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Reishi terpenes: bioactive antioxidant, anti-inflammatory and anti-tumour compounds

    Table of Contents

    What are terpenes?

    Perhaps the term terpenes is unfamiliar, but what about lycopene? This is a specific type of terpene that most people have heard of, which is present in tomatoes and watermelons, for example. What defines these phytochemical compounds? One of the most characteristic features of terpenes is their antioxidant value but they are also responsible for the aroma and colour of fruits, vegetables and mushrooms. In high concentrations, we can talk about the pharmacological properties of terpenes, and they are often used therapeutically. For example, some natural terpene derivatives such as menthol or eucalyptus are used for the symptomatic treatment of cough.

    As part of a healthy diet low in fats, sugars and sodium, The WHO recommends consuming more than 400 grams of fruits and vegetables a day to improve overall health and reduce the risk of certain non-communicable diseases. The reason for this is the high concentration of plant phytochemicals with antioxidant activity, which includes vitamins (A, C, E, K), carotenoids, terpenoids, flavonoids, polyphenols, saponins, enzymes and minerals. Interestingly, some specific phytochemicals can block numerous hormonal actions and metabolic pathways that have been associated with the development of cancer.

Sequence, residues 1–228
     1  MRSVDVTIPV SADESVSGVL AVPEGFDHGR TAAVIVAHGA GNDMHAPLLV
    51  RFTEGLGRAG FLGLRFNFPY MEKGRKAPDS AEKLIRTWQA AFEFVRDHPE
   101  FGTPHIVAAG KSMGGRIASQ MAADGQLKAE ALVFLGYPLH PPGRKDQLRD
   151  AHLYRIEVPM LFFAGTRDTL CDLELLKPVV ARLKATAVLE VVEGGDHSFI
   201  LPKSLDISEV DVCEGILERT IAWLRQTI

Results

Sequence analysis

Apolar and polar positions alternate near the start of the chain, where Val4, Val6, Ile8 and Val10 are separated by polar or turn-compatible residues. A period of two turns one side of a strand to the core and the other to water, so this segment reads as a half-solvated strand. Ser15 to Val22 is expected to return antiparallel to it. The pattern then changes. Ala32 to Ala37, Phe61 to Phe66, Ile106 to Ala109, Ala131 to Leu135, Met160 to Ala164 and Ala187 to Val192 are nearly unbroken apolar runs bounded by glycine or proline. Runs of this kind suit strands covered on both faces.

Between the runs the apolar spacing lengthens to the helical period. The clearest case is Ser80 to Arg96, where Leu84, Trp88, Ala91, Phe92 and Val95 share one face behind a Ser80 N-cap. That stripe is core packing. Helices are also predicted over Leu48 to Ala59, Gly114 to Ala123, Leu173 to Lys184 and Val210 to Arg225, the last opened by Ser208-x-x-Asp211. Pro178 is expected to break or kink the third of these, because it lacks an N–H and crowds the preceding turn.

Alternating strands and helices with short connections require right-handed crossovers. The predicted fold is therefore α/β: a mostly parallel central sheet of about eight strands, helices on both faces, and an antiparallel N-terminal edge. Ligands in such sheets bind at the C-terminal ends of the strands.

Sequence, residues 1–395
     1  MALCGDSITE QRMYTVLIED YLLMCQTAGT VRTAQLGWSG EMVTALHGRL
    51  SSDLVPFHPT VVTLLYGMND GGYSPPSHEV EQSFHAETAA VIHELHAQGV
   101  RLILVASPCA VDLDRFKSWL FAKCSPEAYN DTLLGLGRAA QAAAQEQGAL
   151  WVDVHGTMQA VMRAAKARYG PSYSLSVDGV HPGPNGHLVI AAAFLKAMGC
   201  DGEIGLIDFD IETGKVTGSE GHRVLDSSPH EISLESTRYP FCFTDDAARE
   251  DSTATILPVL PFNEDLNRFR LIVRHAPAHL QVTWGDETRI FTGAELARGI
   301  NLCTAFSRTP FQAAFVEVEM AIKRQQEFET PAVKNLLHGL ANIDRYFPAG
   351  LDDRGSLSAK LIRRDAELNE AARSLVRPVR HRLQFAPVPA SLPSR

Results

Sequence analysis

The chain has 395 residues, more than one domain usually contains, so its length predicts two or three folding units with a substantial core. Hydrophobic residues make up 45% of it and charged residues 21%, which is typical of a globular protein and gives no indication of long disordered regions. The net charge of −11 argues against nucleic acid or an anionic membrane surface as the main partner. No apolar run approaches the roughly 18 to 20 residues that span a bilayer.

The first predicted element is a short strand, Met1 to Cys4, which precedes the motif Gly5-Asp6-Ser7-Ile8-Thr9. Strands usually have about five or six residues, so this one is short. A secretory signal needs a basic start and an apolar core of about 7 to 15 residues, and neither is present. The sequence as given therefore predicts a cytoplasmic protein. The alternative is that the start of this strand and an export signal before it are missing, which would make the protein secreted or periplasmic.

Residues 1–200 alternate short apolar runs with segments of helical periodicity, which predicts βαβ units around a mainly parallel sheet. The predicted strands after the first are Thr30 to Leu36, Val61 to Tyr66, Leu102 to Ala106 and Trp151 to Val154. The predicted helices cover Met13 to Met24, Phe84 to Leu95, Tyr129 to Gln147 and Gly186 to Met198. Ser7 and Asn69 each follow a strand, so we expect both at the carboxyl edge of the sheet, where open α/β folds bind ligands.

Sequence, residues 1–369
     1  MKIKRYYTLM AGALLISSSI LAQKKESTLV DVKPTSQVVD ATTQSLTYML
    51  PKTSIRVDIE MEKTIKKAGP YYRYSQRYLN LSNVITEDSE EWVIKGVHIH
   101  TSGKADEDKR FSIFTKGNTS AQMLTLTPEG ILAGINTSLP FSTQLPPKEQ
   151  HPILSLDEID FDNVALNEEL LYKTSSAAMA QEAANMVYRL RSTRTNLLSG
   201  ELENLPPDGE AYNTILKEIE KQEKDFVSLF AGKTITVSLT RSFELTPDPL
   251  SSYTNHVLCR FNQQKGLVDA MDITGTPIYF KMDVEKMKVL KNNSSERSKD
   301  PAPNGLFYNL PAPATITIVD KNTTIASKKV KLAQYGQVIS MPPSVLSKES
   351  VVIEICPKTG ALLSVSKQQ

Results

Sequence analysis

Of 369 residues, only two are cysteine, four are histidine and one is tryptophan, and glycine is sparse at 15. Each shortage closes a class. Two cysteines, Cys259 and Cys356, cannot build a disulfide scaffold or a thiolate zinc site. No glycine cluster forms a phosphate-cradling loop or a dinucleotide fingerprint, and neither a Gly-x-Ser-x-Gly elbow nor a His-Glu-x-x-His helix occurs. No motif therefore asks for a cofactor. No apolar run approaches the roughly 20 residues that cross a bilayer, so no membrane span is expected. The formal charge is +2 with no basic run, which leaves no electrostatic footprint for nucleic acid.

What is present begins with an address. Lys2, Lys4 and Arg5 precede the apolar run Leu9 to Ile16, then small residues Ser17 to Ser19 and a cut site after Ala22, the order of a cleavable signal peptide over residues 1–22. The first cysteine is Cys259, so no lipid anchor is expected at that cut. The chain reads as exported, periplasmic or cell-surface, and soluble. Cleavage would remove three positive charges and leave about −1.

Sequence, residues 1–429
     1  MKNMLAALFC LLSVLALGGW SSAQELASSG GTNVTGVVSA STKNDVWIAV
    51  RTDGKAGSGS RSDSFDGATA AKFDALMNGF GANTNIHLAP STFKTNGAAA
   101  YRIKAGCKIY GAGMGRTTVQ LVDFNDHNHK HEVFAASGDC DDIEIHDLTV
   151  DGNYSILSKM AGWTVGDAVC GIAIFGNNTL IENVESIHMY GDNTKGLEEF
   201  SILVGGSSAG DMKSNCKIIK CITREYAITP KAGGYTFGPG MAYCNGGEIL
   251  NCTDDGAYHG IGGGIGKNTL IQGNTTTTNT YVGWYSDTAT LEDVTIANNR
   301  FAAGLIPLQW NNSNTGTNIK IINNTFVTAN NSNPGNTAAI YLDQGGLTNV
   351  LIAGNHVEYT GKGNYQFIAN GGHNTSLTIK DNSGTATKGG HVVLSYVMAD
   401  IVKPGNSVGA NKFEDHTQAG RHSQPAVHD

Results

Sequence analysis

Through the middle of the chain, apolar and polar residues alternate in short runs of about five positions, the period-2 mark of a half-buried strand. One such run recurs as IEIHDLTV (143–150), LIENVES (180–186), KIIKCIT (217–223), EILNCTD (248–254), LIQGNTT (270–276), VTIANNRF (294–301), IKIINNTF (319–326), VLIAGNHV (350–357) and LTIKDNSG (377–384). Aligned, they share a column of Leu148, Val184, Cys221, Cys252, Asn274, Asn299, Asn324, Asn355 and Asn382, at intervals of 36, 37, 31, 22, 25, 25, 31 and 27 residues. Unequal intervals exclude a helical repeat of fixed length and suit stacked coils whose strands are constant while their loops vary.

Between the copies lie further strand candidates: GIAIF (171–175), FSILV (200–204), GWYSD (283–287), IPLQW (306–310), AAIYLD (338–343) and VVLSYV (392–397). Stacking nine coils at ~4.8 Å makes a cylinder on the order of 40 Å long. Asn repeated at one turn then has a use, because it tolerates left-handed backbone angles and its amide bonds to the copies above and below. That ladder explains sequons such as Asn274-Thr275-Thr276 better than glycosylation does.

The omnipresence of terpenes in the vegetable kingdom and their high antioxidant value is one of the reasons why it is recommended a varied, multi-coloured diet rich in these foods is recommended to help to combat cellular oxidation, whether due to stress, toxin or chemical contamination, or an inadequate diet. The WHO dietary guidelines, recommending the daily consumption of 400 g of fruits and vegetables is not solely for their antioxidant content. In addition, they state that a diet rich in terpenes is inversely correlated with the risk of suffering from chronic diseases in general as well as cancer.

    The properties of Reishi terpenes